Extracting petroleum from of the ground and turning it into plastic is a dirty business. The EPA calculated that producing an ounce of polyethylene (PET), the most common type of plastic, also creates one ounce of carbon dioxide.
Perhaps most destructive of all is that plastic made from petroleum lasts… and lasts… and lasts. It can stick around for as little as 20 years (for plastic bags) all the way up to 500 years (for disposable diapers and toothbrushes). The vast majority of plastic – around 79% — ends up in landfills or in the environment. With this unhappy reality in mind, hemp plastic offers a much better and cleaner alternative.
The biggest benefits of hemp plastic are:
Benefit #1: It’s biodegradable
Rather than taking 500 years, hemp plastic decomposes in three to six months.
Benefit #2: It’s a renewable resource
There’s only so much petroleum in the world, and we’re using it much faster than it can be replenished. Hemp, on the other hand, grows quickly and easily. It matures in roughly four months and can grow in a wide variety of soils across the world. After harvesting a hemp crop, a new crop can be planted the next season.
Benefit #3: Hemp makes for durable plastic
Hemp plastic is stronger and more durable than petroleum-based plastic and, therefore, is less likely to break. It’s also lighter than petroleum-based plastic.
Benefit #4: No toxins
Hemp plants contain no dangerous toxins. Petroleum-based plastics can contain a number of chemical compounds, including BPA.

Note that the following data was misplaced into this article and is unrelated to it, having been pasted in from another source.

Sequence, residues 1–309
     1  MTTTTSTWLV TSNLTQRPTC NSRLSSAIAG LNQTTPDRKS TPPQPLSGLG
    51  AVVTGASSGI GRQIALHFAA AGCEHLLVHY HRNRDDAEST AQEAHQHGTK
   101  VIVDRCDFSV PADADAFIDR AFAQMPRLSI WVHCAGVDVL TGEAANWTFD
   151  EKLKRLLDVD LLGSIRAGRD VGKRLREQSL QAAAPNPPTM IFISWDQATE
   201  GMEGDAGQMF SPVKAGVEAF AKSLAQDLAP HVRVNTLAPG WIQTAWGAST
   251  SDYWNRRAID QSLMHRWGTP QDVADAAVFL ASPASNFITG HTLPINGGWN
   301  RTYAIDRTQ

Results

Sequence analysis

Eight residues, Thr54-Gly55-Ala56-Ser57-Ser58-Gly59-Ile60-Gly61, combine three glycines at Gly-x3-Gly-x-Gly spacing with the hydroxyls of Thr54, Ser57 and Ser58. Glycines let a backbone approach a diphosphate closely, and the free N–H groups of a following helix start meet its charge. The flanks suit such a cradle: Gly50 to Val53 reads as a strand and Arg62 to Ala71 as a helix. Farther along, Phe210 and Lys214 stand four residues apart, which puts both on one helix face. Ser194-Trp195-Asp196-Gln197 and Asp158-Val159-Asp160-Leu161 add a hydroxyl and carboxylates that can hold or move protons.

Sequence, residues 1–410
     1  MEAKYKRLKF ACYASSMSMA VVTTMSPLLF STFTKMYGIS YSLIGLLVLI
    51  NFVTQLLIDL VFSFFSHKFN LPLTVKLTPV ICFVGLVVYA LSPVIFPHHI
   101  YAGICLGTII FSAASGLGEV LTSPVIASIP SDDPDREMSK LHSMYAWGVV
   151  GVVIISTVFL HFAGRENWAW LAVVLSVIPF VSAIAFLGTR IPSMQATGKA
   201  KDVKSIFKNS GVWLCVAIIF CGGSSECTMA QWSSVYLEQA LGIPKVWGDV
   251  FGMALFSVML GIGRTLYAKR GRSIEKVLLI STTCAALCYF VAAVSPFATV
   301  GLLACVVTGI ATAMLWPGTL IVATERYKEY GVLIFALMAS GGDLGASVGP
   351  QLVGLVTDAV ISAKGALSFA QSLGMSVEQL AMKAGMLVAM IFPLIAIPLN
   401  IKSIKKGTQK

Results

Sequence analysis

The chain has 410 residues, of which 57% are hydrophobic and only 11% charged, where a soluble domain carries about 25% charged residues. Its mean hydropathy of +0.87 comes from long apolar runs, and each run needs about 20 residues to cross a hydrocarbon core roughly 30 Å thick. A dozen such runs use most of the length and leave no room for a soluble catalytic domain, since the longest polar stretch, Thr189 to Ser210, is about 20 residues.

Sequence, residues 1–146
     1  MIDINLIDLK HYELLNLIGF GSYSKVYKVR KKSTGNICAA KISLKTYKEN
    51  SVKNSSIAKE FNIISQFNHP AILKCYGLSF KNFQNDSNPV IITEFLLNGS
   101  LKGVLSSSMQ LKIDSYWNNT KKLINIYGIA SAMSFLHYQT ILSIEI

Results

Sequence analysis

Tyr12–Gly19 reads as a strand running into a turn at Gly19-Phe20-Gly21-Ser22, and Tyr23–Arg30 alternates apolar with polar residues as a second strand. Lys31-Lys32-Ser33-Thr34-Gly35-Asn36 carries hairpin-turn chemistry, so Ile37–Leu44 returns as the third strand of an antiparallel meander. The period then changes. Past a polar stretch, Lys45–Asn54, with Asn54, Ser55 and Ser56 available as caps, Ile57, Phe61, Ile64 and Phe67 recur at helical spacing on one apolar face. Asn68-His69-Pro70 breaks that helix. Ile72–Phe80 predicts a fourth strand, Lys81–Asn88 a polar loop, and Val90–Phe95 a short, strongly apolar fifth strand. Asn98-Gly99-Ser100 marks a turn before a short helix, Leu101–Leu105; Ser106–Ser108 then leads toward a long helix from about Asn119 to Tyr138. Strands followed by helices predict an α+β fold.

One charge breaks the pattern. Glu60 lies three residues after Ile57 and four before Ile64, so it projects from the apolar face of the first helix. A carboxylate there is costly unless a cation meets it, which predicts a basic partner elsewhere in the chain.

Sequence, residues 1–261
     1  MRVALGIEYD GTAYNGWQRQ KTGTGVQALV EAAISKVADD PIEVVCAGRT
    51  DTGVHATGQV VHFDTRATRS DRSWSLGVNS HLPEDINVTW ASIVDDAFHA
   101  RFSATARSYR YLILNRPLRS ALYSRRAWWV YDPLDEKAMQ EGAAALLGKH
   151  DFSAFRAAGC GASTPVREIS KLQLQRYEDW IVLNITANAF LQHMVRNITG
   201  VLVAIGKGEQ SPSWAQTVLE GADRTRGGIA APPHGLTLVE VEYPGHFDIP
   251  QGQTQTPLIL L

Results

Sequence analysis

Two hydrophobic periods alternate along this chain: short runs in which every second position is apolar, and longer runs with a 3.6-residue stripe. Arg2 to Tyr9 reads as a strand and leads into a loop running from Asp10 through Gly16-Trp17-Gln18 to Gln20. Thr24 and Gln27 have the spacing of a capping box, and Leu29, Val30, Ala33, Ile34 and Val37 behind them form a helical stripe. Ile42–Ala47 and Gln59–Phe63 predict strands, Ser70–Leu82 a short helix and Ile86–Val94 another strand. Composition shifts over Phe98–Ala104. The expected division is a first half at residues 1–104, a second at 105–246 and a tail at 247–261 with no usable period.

Benefit #5: Easy to recycle
There’s a reason the vast majority of petroleum-based plastic ends up in landfills. In spite of high-profile recycling campaigns, it’s actually very difficult to recycle. Conversely, hemp plastic is easy to recycle.
Benefit #6: Carbon trapping
Hemp is well-known for absorbing lots of carbon as it grows. This carbon is locked into hemp plastic made from cellulose, helping to sequester excess carbon in the atmosphere.
What is the Future of Hemp Plastic?
If hemp-based plastics are so amazing, why isn’t everything made from hemp plastic yet? The answer is that the infrastructure to produce and distribute hemp plastic is just now being built, both in the United States and around the world. Hemp plastic may not seem like a game-changer now, but its future is bright. Today, companies are spending a lot of money to research ways to transition away from petroleum-based plastic, and LEGO even announced its intent to switch to a sustainable resin for its famous blocks by 2030.
One of the most exciting parts of this story for us here at High Grade Hemp Seed is that hemp plastic could potentially be made from the hemp byproduct, or hemp biomass, left behind after harvesting the buds from CBD or CBG. That means farmers have one more potential revenue stream for their crop.
What could be better than earning more money for growing hemp while also helping the planet? At High Grade Hemp Seed, we love to work with farmers who are interested in finding the right balance between high CBD or CBG yields and growing plenty of biomass for a secondary cash crop. Take a look at all of our high-yield hemp strains and give us a call today to talk to one of our knowledgeable experts. We can’t wait to work with you in our mission to lower the use of petroleum-based plastic!